Hazardous Waste Is No Longer Cluttering The House

I’ve been working slowly to reduce clutter around our house after looking around and seeing that it’s been creeping slowly from closets, corners, basement, garage, and just about anywhere else it’s allowed.

Just about every week I’ve been breaking down cardboard from some area or another and adding it to the recycling pickup.  I’ve also got a few stacks of items to go up on sale at eBay or Craigslist, some toys, collectibles, and plumbing fixtures.  Nothing that’s going to make us rich, but it’ll get rid of clutter and add a few bucks to our pocket.

Recently, I was able to tackle a significant area that has been building up: Hazardous Materials.  Specifically:

  • Paint
  • Electronics
  • Motor Oil
  • Old Batteries

All of these are items that should not simply be tossed out, as they can pollute landfills and groundwater supplies.  So, when I saw that the county was having a hazardous materials event, I put it on the calendar a few months in advance, and started working to plan for it a few weeks leading up.

Paint Cans Galore

mb-2014-07paintMy wife loves color around the house.  As such, every room is a different color, which means lots and lots of paint cans that get stashed away once painting is complete.  I had three shelves of paint cans in the basement from various painting we’ve done since we moved in, as well as a bunch out in the garage that was left by the previous homeowner.

I went through the basement cans one by one.  In some cases, shaking the can yielded basically nothing, so I knew that they were gone.  In other cases, when I popped the top off, you could smell that they’d gone bad, or in other cases, rust had built up around the lid, which contaminated the paint.  There were a few instances where we had paint that was no longer on the walls, like rooms that have since become kids rooms, or a can of bathroom paint which got painted over because we couldn’t stand it after just a few short months.  We had some ceiling paint and primer, both so old that last time I attempted to use them, there were solid chunks.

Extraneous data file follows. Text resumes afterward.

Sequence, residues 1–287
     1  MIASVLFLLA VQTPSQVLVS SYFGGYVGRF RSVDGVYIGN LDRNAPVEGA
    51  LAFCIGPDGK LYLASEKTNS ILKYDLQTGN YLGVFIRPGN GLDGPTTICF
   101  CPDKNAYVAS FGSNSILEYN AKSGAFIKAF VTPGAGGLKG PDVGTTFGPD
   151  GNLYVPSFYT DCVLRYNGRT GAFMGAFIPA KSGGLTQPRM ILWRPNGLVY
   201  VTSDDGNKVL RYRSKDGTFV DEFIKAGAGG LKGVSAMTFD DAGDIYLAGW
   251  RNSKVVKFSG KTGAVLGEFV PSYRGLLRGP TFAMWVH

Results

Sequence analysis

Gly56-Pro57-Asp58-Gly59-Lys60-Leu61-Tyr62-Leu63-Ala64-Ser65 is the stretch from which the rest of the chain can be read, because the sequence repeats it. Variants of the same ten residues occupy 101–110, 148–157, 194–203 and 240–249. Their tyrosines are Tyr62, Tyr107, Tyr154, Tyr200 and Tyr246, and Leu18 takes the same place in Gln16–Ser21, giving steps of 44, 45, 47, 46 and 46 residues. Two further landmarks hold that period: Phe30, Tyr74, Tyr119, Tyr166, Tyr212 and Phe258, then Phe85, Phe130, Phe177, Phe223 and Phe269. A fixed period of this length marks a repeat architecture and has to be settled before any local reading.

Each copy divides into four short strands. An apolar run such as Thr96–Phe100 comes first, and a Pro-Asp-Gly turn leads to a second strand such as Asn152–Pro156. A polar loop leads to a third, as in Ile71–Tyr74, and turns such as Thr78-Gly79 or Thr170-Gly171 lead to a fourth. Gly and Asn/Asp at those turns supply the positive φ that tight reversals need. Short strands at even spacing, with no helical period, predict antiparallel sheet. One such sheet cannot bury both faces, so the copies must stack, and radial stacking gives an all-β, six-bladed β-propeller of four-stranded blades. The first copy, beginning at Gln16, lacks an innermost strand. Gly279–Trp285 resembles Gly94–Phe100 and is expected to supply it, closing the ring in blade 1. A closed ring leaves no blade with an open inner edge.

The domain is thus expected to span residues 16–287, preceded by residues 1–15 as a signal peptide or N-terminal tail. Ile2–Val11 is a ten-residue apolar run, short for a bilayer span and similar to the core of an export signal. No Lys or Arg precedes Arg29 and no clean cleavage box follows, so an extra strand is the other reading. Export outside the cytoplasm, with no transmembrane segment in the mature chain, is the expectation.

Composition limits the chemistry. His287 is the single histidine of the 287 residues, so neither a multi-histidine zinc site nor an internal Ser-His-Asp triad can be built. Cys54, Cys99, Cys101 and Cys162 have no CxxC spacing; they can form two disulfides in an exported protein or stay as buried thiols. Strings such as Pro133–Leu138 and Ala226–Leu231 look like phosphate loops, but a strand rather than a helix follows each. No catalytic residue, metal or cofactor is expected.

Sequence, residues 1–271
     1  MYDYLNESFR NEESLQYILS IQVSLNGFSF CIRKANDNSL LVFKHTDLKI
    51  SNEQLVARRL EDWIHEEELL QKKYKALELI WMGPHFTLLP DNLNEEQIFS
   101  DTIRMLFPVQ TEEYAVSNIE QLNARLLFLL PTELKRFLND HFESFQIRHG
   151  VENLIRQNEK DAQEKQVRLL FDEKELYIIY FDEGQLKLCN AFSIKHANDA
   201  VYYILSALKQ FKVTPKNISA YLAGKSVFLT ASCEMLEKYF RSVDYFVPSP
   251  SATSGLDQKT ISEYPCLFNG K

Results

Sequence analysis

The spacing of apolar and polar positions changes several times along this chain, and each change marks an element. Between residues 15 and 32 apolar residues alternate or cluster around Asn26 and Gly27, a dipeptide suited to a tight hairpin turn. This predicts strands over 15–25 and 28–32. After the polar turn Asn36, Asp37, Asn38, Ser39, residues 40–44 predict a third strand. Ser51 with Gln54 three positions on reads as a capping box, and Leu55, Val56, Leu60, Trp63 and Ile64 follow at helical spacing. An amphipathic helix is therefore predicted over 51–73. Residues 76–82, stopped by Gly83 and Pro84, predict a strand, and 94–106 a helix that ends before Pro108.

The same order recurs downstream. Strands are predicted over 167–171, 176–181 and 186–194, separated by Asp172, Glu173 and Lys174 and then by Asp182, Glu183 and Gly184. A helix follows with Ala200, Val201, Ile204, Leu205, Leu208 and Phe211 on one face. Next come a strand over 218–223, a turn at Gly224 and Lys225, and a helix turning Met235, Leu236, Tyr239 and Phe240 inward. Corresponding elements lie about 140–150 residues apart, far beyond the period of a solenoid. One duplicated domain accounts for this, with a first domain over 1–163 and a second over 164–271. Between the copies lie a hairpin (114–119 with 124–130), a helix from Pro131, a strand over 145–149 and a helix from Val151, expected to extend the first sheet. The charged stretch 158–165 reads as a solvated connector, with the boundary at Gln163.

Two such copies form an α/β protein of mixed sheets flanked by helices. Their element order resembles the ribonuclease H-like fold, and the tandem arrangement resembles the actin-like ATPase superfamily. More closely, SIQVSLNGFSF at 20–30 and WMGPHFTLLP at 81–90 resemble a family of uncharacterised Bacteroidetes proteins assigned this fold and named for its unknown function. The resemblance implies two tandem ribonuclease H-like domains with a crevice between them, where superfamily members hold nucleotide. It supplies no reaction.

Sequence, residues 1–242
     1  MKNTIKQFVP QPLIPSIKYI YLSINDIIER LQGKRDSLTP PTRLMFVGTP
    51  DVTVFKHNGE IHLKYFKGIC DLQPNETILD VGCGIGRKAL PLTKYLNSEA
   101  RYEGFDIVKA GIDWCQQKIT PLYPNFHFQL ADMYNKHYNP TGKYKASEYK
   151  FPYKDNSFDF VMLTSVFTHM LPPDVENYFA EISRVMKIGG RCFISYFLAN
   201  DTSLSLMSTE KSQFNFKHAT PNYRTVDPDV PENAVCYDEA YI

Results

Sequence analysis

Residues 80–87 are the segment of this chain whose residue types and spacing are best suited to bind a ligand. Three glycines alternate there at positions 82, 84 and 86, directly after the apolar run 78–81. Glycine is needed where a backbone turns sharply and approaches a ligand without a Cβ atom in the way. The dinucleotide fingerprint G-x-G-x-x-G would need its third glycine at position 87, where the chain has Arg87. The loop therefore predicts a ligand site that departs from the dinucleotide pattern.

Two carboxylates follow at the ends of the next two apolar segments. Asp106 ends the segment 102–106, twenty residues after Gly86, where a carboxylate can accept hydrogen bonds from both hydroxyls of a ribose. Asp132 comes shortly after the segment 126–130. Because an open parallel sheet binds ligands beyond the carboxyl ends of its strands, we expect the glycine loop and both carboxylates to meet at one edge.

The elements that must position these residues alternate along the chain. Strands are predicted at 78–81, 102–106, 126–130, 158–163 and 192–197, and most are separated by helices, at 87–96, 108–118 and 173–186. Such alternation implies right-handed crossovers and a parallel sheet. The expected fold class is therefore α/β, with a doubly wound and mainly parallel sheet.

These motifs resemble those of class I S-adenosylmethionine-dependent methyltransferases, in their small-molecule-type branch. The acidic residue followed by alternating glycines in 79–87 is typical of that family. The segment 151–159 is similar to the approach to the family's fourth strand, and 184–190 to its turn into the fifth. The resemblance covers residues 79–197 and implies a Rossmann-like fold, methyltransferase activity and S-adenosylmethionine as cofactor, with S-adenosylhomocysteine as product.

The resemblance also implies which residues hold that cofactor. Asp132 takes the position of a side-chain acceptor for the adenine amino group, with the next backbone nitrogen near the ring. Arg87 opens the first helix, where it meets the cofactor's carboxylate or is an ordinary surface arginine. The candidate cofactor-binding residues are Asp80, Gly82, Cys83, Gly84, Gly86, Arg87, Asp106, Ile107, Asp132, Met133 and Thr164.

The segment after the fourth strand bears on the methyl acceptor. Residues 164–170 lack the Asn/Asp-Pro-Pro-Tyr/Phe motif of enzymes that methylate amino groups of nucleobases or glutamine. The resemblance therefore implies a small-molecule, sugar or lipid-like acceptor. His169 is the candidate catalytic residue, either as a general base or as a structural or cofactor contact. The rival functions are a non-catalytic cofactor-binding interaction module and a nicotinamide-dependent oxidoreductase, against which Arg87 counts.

The paint in the garage, I didn’t even bother with.  It’s been out there for at least seven years, since we moved in, possibly longer.  That’s a lot of extreme heat and cold.  I knew it was worthless.  In fact, one can of paint was basically sucking itself in.  It was no longer round.  So that was time to go.

After all was said and done, I had 29 cans that I took to the event.  For each paint can that corresponded with paint that we still have, I wrote down the manufacturer, the finish, the blend number, the blend name, and the room where it goes.  If I ever need more for any reason, I can go get a reasonable match.

Electronics

I had been building a stash of old, broken or useless electronics.  I had some laptops from the 1990’s, PDA devices (remember your Palm Pilot) from the same period, a broken Discman, and a few other goodies.  I ran a magnet over the drives and such, and was able to get rid of that pile.

Motor Oil

I take my lawn mower in every couple of years to get checked up, and they change the oil, but on years where I don’t, I end up changing the oil at home and storing it.  I was able to pull that down off the shelf and get rid of a few bottles.

Batteries

Where I work used to have drop off points for batteries, but they stopped doing that. Now, we have a battery drawer, and I just have a ziploc bag that I throw the bad ones into.  I was able to grab that and take it.  All told, there were probably at least 100 batteries.

Simple Process, Low Cost